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[Nextpage视频演讲]Vice President Joe Biden speaks on the end of combat operations in Iraq, the Administration’s commitment to Afghanistan, and our nation’s obligations to our veterans in remarks to the Veterans of Foreign Wars 111th National Convention in Indianapolis, IN.Download mp4 (400MB) | mp3 (38MB) [Nextpage文本]“Honor the dead by helping the living.” That’s what you’re all about. That’s what the VFW has always been about. Like you, I know that our nation has just one truly sacred obligation: to prepare and equip those we send into harm’s way, and to care for them when they come home.Commander Tradewell—Tommy—you’ve walked that walk. You served bravely in Vietnam, then came back and kept right on fighting to make sure your comrades got everything they deserved. Thank you for your service, over there, and over here.To Richard Eubank, who also served at the height of the Vietnam War, I want to wish you the best of luck as you take the helm of this great organization at a critically important time.And Bob—thank you for having me, and for all you do on behalf of the VFW, every day in Washington. And to Jan Tittle, President of the Ladies Auxiliary. Thank you for all that you do. And to my home state commander, Bob Wilkinson. And to the Ladies Auxiliary, Roberta Walter. Thank you all for your service. I particularly want to acknowledge those veterans of the Korean War, who this summer are marking the 60th Anniversary of the start of that conflict. Over the last 111 years—from San Juan Hill to the Argonne Forest, Midway to Inchon, Hue City to Kuwait City, and the Korengal Valley to the Sunni Triangle—VFW members have fought for our country on both the frontlines and the home front. You and your predecessors helped establish the Department of Veterans Affairs and build a National Cemetery System. You worked to secure a better future for service members and their families by helping pass two GI bills.And you have spoken out time and again on behalf of your 2.2 million members, and for all those who have fought in America’s wars. This work—your work—has never been more important than it is today.Over the past decade, our military has embarked on a longer period of sustained combat than ever before in our history. More than two million service members have deployed to Iraq and Afghanistan, more than half of whom have now returned to a civilian life with the honored title of “Veteran.”Of those men and women—the very best our nation has—almost 40,000 have been wounded and 5,640 have made the ultimate sacrifice.And President Obama is taking a major step toward concluding one of those wars, just as he pledged to do before he ever took office. One month after his inauguration, at Camp Lejeune, President Obama laid out a plan for ending the war in Iraq responsibly, and we have followed it closely ever since.As a result, one week from tomorrow, the U.S. combat phase of that war will close. From more than 140,000 troops in Iraq when our Administration took office, by the end of August, 50,000 will remain. Our last remaining combat unit, one that I visited with and know well, the 4th Stryker Brigade of the Army’s Second Infantry Division, left Iraq last week.I’m proud to say that as of September 1, the mission of the ed States Forces in Iraq will be to advise, assist, train, and equip the Iraqi Security Forces; to conduct partnered counterterrorism operations; and to provide security for our military and civilian personnel and infrastructure.I recently went to Fort Drum, to meet with the Army’s proud 10th Mountain Division, whose motto is “climb to glory.” God, have they climbed to glory. I was there to welcome nearly 3,000 of them back from Iraq, three months early, after they accomplished all of their goals.These homecomings are something I have long looked forward to, and I know many of you have as well. The day my son Beau returned from a yearlong tour in Iraq, and I watched him embrace his wife and children, was one of the proudest and happiest moments of my life.By the end of next year—2011—our remaining troops in Iraq will have come home to their families and a grateful nation. This is only possible because of the extraordinary progress our military—the finest fighting force this planet has ever seen—has brought about, led by the great General Ray Odierno.Three accomplishments are worth singling out.First, violence in Iraq has decreased to such a degree that those who last served there three or four years ago—when the country was being torn apart by sectarian conflict—would hardly recognize the place. Al Qaeda in Iraq and the Shiite extremists remain dangerous, and their attacks still claim innocent lives. But they have utterly failed to achieve their objectives of inflaming sectarian conflict and undermining the Iraqi government.Second, Iraq’s security forces—now more than 650,000 strong—are aly leading the way to defend and protect their country. We have transferred control over hundreds of bases, and many thousands of square miles of territory. Some said that our drawdown would bring more violence. They were wrong, because the Iraqis are y to take charge. And in recent months, operations that they led, based on intelligence they developed, killed two key leaders of Al Qaeda in Iraq and purged more than 30 other top terrorists from its ranks.Third, but no less important, is the fact that Iraqi leaders who once settled disputes through violence are at this very moment, ironing out their differences in face-to-face negotiations.The Iraqis recently held their second national election that the world all agreed was legitimate, and although it is taking a long time to form a government, I am convinced that this will happen soon.Another way of putting this is that politics has broken out.Now, I certainly don’t need to tell you that politics is not always pretty, even our own. But the hard work of forming a new government is well underway, and we urge these politicians to match the courage their citizens have shown, by completing that process.Ever since the President asked me to oversee our Iraq policy, I have been actively engaged, on a daily basis. I have visited the country 13 times; I know all the players from all the leading coalitions; I speak regularly with Iraqi leaders; and I understand Iraq’s intricate politics. We have a first-rate Embassy team, now led by Ambassador Jim Jeffrey, that is interacting daily with the Iraqis throughout the government formation process.Many people point to the Iranian influence in Iraq but I believe this to be exaggerated. The Iranian government spent over 0 million dollars to try to sway the national elections but Iran failed. The Iraqi people voted for their desired candidate, not who the Iranians wanted them to vote for.Now the Iraqi leaders are working to form a government and we urge them to do so in a way that reflects the will of the Iraqi people. An important step in this process is formalizing a power-sharing arrangement, which the Iraqi leaders are currently undertaking to do. This process can sometimes be frustrating, and there will be ups and downs, but I am confident that the Iraqis will form a national unity government soon.And one more thing: Drawing down our troops does not mean we are disengaging from Iraq. In fact, quite the opposite is true. While our warriors that remain there are as capable as any in our armed services—they know how to fight if they have to—their mission has changed. They are there now to help the Iraqis help themselves. Meanwhile, we are also ramping up a civilian-led effort to help ensure Iraq remains stable, sovereign, and self-reliant. We will continue to help strengthen its economic and political institutions, foster new ties of trade and commerce, and support Iraq’s return to its rightful place in the region and the broader community of nations.While the Iraq war winds down, our troops continue to take the fight to our enemies in Afghanistan. That is where Al Qaeda plotted and trained to launch the devastating attack on 9-11.全文下载201008/112338Good evening, my fellow Americans.First, I should like to express my gratitude to the radio and television networks for the opportunities they have given me over the years to bring reports and messages to our nation. My special thanks go to them for the opportunity of addressing you this evening.Three days from now, after a half century in the service of our country, I shall lay down the responsibilities of office as, in traditional and solemn ceremony, the authority of the Presidency is vested in my successor.This evening I come to you with a message of leave-taking and farewell, and to share a few final thoughts with you, my countrymen. Like every other citizen, I wish the new President, and all who will labor with him, Godspeed. I pray that the coming years will be blessed with peace and prosperity for all.Our people expect their President and the Congress to find essential agreement on issues of great moment, the wise resolution of which will better shape the future of the nation. My own relations with the Congress, which began on a remote and tenuous basis when, long ago, a member of the Senate appointed me to West Point, have since ranged to the intimate during the war and immediate post-war period, and finally to the mutually interdependent during these past eight years. In this final relationship, the Congress and the Administration have, on most vital issues, cooperated well, to serve the nation good, rather than mere partisanship, and so have assured that the business of the nation should go forward. So, my official relationship with Congress ends in a feeling -- on my part -- of gratitude that we have been able to do so much together.We now stand ten years past the midpoint of a century that has witnessed four major wars among great nations. Three of these involved our own country. Despite these holocausts, America is today the strongest, the most influential, and most productive nation in the world. Understandably proud of this pre-eminence, we yet realize that Americas leadership and prestige depend, not merely upon our unmatched material progress, riches and military strength, but on how we use our power in the interests of world peace and human betterment.Throughout Americas adventure in free government, our basic purposes have been to keep the peace, to foster progress in human achievement, and to enhance liberty, dignity and integrity among peoples and among nations. To strive for less would be unworthy of a free and religious people. Any failure traceable to arrogance or our lack of comprehension or iness to sacrifice would inflict upon us grievous hurt, both at home and abroad.Progress toward these noble goals is persistently threatened by the conflict now engulfing the world. It commands our whole attention, absorbs our very beings. We face a hostile ideology global in scope, atheistic in character, ruthless in purpose, and insidious in method. Unhappily, the danger it poses promises to be of indefinite duration. To meet it successfully, there is called for, not so much the emotional and transitory sacrifices of crisis, but rather those which enable us to carry forward steadily, surely, and without complaint the burdens of a prolonged and complex struggle with liberty the stake. Only thus shall we remain, despite every provocation, on our charted course toward permanent peace and human betterment.Crises there will continue to be. In meeting them, whether foreign or domestic, great or small, there is a recurring temptation to feel that some spectacular and costly action could become the miraculous solution to all current difficulties. A huge increase in newer elements of our defenses; development of unrealistic programs to cure every ill in agriculture; a dramatic expansion in basic and applied research -- these and many other possibilities, each possibly promising in itself, may be suggested as the only way to the road we wish to travel.But each proposal must be weighed in the light of a broader consideration: the need to maintain balance in and among national programs, balance between the private and the public economy, balance between the cost and hoped for advantages, balance between the clearly necessary and the comfortably desirable, balance between our essential requirements as a nation and the duties imposed by the nation upon the individual, balance between actions of the moment and the national welfare of the future. Good judgment seeks balance and progress. Lack of it eventually finds imbalance and frustration. The record of many decades stands as proof that our people and their Government have, in the main, understood these truths and have responded to them well, in the face of threat and stress.But threats, new in kind or degree, constantly arise. Of these, I mention two only.A vital element in keeping the peace is our military establishment. Our arms must be mighty, y for instant action, so that no potential aggressor may be tempted to risk his own destruction. Our military organization today bears little relation to that known by any of my predecessors in peacetime, or, indeed, by the fighting men of World War II or Korea.Until the latest of our world conflicts, the ed States had no armaments industry. American makers of plowshares could, with time and as required, make swords as well. But now we can no longer risk emergency improvisation of national defense. We have been compelled to create a permanent armaments industry of vast proportions. Added to this, three and a half million men and women are directly engaged in the defense establishment. We annually spend on military security alone more than the net income of all ed States corporations.Now this conjunction of an immense military establishment and a large arms industry is new in the American experience. The total influence -- economic, political, even spiritual --is felt in every city, every Statehouse, every office of the Federal government. We recognize the imperative need for this development. Yet we must not fail to comprehend its grave implications. Our toil, resources, and livelihood are all involved. So is the very structure of our society.In the councils of government, we must guard against the acquisition of unwarranted influence, whether sought or unsought, by the military-industrial complex. The potential for the disastrous rise of misplaced power exists and will persist. We must never let the weight of this combination endanger our liberties or democratic processes. We should take nothing for granted. Only an alert and knowledgeable citizenry can compel the proper meshing of the huge industrial and military machinery of defense with our peaceful methods and goals, so that security and liberty may prosper together.Akin to, and largely responsible for the sweeping changes in our industrial-military posture, has been the technological revolution during recent decades. In this revolution, research has become central, it also becomes more formalized, complex, and costly. A steadily increasing share is conducted for, by, or at the direction of, the Federal government.Today, the solitary inventor, tinkering in his shop, has been overshadowed by task forces of scientists in laboratories and testing fields. In the same fashion, the free university, historically the fountainhead of free ideas and scientific discovery, has experienced a revolution in the conduct of research. Partly because of the huge costs involved, a government contract becomes virtually a substitute for intellectual curiosity. For every old blackboard there are now hundreds of new electronic computers. The prospect of domination of the nations scholars by Federal employment, project allocations, and the power of money is ever present -- and is gravely to be regarded.Yet, in holding scientific research and discovery in respect, as we should, we must also be alert to the equal and opposite danger that public policy could itself become the captive of a scientific-technological elite.It is the task of statesmanship to mold, to balance, and to integrate these and other forces, new and old, within the principles of our democratic system ? ever aiming toward the supreme goals of our free society.Another factor in maintaining balance involves the element of time. As we peer into societys future, we -- you and I, and our government -- must avoid the impulse to live only for today, plundering for our own ease and convenience the precious resources of tomorrow. We cannot mortgage the material assets of our grandchildren without risking the loss also of their political and spiritual heritage. We want democracy to survive for all generations to come, not to become the insolvent phantom of tomorrow.During the long lane of the history yet to be written, America knows that this world of ours, ever growing smaller, must avoid becoming a community of dful fear and hate, and be, instead, a proud confederation of mutual trust and respect. Such a confederation must be one of equals. The weakest must come to the conference table with the same confidence as do we, protected as we are by our moral, economic, and military strength. That table, though scarred by many past frustrations, cannot be abandoned for the certain agony of the battlefield.Disarmament, with mutual honor and confidence, is a continuing imperative. Together we must learn how to compose differences, not with arms, but with intellect and decent purpose. Because this need is so sharp and apparent, I confess that I lay down my official responsibilities in this field with a definite sense of disappointment. As one who has witnessed the horror and the lingering sadness of war, as one who knows that another war could utterly destroy this civilization which has been so slowly and painfully built over thousands of years, I wish I could say tonight that a lasting peace is in sight.Happily, I can say that war has been avoided. Steady progress toward our ultimate goal has been made. But so much remains to be done. As a private citizen, I shall never cease to do what little I can to help the world advance along that road.So, in this my last good night to you as your President, I thank you for the many opportunities you have given me for public service in war and in peace. I trust that in that service you find some things worthy. As for the rest of it, I know you will find ways to improve performance in the future.You and I, my fellow citizens, need to be strong in our faith that all nations, under God, will reach the goal of peace with justice. May we be ever unswerving in devotion to principle, confident but humble with power, diligent in pursuit of the Nations great goals.To all the peoples of the world, I once more give expression to Americas prayerful and continuing aspiration: We pray that peoples of all faiths, all races, all nations, may have their great human needs satisfied; that those now denied opportunity shall come to enjoy it to the full; that all who yearn for freedom may experience its few spiritual blessings. Those who have freedom will understand, also, its heavy responsibilities; that all who are insensitive to the needs of others will learn charity; and that the scourges of poverty, disease and ignorance will be made to disappear from the earth; and that, in the goodness of time, all peoples will come to live together in a peace guaranteed by the binding force of mutual respect and love.Now, on Friday noon, I am to become a private citizen. I am proud to do so. I look forward to it.Thank you, and good night. /201205/182110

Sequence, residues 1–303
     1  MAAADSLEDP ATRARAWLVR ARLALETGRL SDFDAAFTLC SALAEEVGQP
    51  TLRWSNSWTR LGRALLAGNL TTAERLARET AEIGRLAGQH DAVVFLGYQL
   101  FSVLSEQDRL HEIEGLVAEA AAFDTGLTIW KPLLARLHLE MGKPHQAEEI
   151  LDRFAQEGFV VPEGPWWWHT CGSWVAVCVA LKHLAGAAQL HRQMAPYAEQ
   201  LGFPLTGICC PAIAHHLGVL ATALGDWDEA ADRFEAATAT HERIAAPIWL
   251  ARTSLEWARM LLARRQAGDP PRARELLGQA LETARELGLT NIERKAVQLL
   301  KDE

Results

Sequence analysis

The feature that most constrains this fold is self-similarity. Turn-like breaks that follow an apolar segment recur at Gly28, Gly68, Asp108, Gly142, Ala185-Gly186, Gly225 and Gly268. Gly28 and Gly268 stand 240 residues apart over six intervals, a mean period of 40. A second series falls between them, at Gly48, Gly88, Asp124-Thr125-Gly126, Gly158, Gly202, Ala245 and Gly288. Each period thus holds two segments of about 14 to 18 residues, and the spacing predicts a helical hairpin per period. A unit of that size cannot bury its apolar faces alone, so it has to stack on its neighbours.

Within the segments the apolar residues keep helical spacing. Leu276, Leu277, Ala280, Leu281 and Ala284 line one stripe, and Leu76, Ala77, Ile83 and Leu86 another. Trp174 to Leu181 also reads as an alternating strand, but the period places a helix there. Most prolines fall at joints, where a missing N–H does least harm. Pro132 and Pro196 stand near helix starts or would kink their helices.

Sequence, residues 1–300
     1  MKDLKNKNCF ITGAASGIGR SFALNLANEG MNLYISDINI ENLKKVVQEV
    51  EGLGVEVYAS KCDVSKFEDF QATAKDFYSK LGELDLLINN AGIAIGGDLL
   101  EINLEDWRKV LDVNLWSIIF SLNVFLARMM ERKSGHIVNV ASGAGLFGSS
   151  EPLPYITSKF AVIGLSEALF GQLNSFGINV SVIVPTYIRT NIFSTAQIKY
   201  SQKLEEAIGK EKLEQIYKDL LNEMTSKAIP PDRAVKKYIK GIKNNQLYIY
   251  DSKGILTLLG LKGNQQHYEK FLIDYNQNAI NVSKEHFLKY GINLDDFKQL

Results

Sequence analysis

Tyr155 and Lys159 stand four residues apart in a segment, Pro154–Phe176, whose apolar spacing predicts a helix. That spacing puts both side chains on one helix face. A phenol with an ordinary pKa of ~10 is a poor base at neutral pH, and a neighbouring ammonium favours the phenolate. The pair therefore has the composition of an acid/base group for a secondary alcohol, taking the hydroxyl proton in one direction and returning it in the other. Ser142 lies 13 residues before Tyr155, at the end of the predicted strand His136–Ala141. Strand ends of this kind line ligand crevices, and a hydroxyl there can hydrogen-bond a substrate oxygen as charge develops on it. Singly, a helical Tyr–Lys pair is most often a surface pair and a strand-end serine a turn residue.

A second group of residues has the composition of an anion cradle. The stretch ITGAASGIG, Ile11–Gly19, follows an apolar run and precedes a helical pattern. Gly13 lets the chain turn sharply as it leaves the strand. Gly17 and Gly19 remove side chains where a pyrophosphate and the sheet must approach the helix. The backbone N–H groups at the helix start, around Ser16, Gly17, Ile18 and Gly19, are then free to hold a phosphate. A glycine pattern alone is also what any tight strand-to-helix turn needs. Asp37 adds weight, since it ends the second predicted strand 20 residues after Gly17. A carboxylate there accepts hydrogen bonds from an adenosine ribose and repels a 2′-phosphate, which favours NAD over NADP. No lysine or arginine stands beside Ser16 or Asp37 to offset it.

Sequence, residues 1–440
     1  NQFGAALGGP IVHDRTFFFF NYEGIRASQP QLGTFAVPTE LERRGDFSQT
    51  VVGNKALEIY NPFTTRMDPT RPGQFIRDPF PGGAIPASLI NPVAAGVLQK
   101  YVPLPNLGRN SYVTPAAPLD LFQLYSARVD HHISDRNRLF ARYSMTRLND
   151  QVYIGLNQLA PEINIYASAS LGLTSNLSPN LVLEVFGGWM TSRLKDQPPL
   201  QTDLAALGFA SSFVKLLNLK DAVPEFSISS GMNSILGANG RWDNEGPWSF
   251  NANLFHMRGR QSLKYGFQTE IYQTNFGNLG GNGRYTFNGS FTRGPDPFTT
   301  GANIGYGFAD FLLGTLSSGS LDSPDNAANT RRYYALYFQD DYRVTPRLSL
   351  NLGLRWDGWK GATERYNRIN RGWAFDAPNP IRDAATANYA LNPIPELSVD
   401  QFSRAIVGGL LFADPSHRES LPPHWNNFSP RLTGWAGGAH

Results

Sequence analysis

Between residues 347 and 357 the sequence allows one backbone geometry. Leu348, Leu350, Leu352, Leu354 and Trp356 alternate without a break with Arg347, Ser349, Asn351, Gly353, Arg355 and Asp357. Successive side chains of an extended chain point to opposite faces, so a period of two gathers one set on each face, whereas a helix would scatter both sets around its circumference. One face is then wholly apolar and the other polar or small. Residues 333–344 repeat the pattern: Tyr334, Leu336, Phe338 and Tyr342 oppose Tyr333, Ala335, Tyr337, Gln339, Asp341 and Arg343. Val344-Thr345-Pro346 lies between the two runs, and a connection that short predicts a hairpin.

Good morning. Earlier this week, the government of North Korea proclaimed to the world that it had conducted a successful nuclear weapons test. In response to North Korea's provocative actions, America is working with our partners in the region and in the ed Nations Security Council to ensure that there are serious repercussions for the North Korean regime.North Korea has been pursuing nuclear weapons and defying its international commitments for years. In 1993, North Korea announced that it was withdrawing from the Nuclear Nonproliferation Treaty. The ed States negotiated with North Korea and reached a bilateral agreement in 1994: North Korea committed to giving up its pursuit of nuclear weapons in exchange for help with peaceful nuclear power.After I came to office, we discovered that North Korea had been violating this agreement for some time by continuing work on a covert nuclear weapons program. My administration confronted the North Korea regime with this evidence in 2002, and the North Koreans subsequently walked away from the 1994 agreement.So my Administration decided to take a new approach. We brought together other nations in the region in an effort to resolve the situation through multilateral diplomacy. The logic behind this approach is clear: North Korea's neighbors have the most at stake, and they are North Korea's principal sources of food, energy, and trade, so it makes sense to enlist them in the effort to get the North Korean regime to end its nuclear program.This diplomatic effort was called the Six-Party Talks, and these talks included North and South Korea, China, Japan, Russia and the ed States. In September of last year, these diplomatic efforts resulted in a wide-ranging Joint Statement that offered a resolution to the problem and a better life for the North Korean people. In this Joint Statement, North Korea committed to abandoning all nuclear weapons and existing nuclear programs. North Korea was offered the prospect of normalized relations with Japan and the ed States, as well as economic cooperation in energy, trade, and investment. And the ed States affirmed that we have no nuclear weapons on the Korean Peninsula and no intention to attack or invade North Korea.Unfortunately, North Korea failed to act on its commitment. And with its actions this week, the North Korean regime has once again broken its word, provoked an international crisis, and denied its people the opportunity for a better life. We are working for a resolution to this crisis. Nations around the world, including our partners in the Six-Party Talks, agree on the need for a strong ed Nations Security Council resolution that will require North Korea to dismantle its nuclear programs. This resolution should also specify measures to prevent North Korea from importing or exporting nuclear or missile technologies. And it should prevent financial transactions or asset transfers that would help North Korea develop its nuclear or missile capabilities.By passing such a resolution, we will send a clear message to the North Korean regime that its actions will not be tolerated. And we will give the nations with the closest ties to North Korea -- China and South Korea -- a framework to use their leverage to pressure Pyongyang and persuade its regime to change course.As we pursue a diplomatic solution, we are also reassuring our allies in the region that America remains committed to their security. We have strong defense alliances with Japan and South Korea, and the ed States will meet these commitments. And in response to North Korea's provocation, we will seek to increase our defense cooperation with our allies, including cooperation on ballistic missile defense to protect against North Korean aggression, and cooperation to prevent North Korea from importing or exporting nuclear or missile technologies.Our goals remain clear: peace and security in Northeast Asia, and a nuclear-free Korean Peninsula. We will do what is necessary to achieve these goals. We will support our allies in the region, we will work with the ed Nations, and together we will ensure that North Korea faces real consequences if it continues down its current path.Thank you for listening. 200703/10705演讲文本US President's radio address on social security (January 15,2005) THE PRESIDENT: Good morning. This week, I met with some of our fellow citizens from across the country to discuss one of the great responsibilities of our nation: strengthening Social Security for our children and grandchildren. For 70 years, the Social Security system has fulfilled the promise made by President Franklin Roosevelt, keeping our elderly citizens out of poverty, while assuring younger Americans a more secure future. Along with employer-funded pensions and personal savings, Social Security is for millions of Americans a critical element to their plans for a stable retirement. And for today's senior citizens and those nearing retirement, the system is sound. But for younger workers, Social Security is on the road to bankruptcy. And if we do not fix it now, the system will not be able to pay the benefits promised to our children and grandchildren. When President Roosevelt signed the Social Security Act in 1935, the average life expectancy was about 60 years, which meant that most Americans would not live to become eligible for benefits, then set at age 65. Today, most Americans enjoy longer lives and longer retirements. And that presents a looming challenge. Because Social Security was created as a pay-as-you-go system, current retirees are supported by the taxes paid by current workers. Unfortunately, the ratio of workers to retirees is falling steadily. In the 1950s, there were about 16 workers paying in for each person drawing out. Today, it's about three workers for every beneficiary. And by the time today's workers in their mid 20s begin to retire, there will be just over two. What this means is that in the year 2018, the system will go into the red -- paying out more in benefits each year than it receives in payroll taxes. After that, the shortfalls will grow larger until 2042, when the whole system will be bankrupt. The total projected shortfall is .4 trillion. To put that number in perspective, .4 trillion is nearly twice the combined wages of every single working American in 2004. Every year we put off the coming crisis, the higher the price our children and grandchildren will have to pay. According to the Social Security trustees, waiting just one year adds 0 billion to the cost of fixing Social Security. If we do not act now, government will eventually be left with two choices: dramatically reduce benefits, or impose a massive economically ruinous tax increase. Leaving our children with such a mess would be a generational betrayal. We owe it to the American worker to fix Social Security now. And our reforms begin with three essential commitments. First, if you're receiving your Social Security check, or nearing retirement, nothing will change for you. Your benefits are secure. Second, we must not increase payroll taxes on American workers because raising taxes will slow economic growth. Third, we must give younger workers -- on a voluntary basis -- the option to save some of their payroll taxes in a personal retirement account. Unlike Social Security benefits, which can be taken away by politicians, the money in a personal account would be yours. And unlike the money you put into Social Security today, the money in personal accounts would grow. A child born today can expect less than a 2 percent return after inflation on the money they pay into Social Security. A conservative mix of bonds and stocks would over time produce a larger return. Personal accounts would give every younger worker, regardless of income, the chance to save a nest egg for their later years and pass something on to their children. Saving Social Security is an economic challenge. But it is also a profound moral obligation. Today's young Americans deserve the same security their parents and grandparents enjoyed. Because the system is broken and promises are being made that Social Security cannot keep, we need to act now to strengthen and preserve Social Security. I look forward to working with members of Congress from both parties to keep the promise of Social Security. Thank you for listening. 200603/5028